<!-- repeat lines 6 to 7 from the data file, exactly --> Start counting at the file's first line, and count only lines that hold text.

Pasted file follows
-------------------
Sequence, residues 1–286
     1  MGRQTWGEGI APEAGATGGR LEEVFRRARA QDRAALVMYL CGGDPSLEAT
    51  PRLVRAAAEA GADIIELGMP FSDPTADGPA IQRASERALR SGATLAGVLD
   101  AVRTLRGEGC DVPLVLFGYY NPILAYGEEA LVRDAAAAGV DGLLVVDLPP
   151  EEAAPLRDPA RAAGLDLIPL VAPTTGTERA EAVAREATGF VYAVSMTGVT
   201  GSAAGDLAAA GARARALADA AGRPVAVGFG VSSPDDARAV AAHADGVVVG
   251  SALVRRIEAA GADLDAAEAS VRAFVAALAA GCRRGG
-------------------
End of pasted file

   201  GSAAGDLAAA GARARALADA AGRPVAVGFG VSSPDDARAV AAHADGVVVG
   251  SALVRRIEAA GADLDAAEAS VRAFVAALAA GCRRGG